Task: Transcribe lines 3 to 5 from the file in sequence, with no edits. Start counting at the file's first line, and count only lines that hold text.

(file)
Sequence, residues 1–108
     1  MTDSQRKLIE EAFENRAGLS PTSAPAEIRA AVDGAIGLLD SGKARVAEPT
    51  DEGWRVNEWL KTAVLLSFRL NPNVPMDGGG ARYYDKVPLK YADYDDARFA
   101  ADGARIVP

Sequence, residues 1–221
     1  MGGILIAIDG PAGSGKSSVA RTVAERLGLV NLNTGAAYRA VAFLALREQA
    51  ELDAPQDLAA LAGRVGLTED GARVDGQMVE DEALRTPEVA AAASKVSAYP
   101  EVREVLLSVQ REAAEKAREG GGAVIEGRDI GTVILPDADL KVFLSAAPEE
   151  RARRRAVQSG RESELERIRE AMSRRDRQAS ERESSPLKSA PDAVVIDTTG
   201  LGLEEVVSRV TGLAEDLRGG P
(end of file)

    51  DEGWRVNEWL KTAVLLSFRL NPNVPMDGGG ARYYDKVPLK YADYDDARFA
   101  ADGARIVP

Sequence, residues 1–221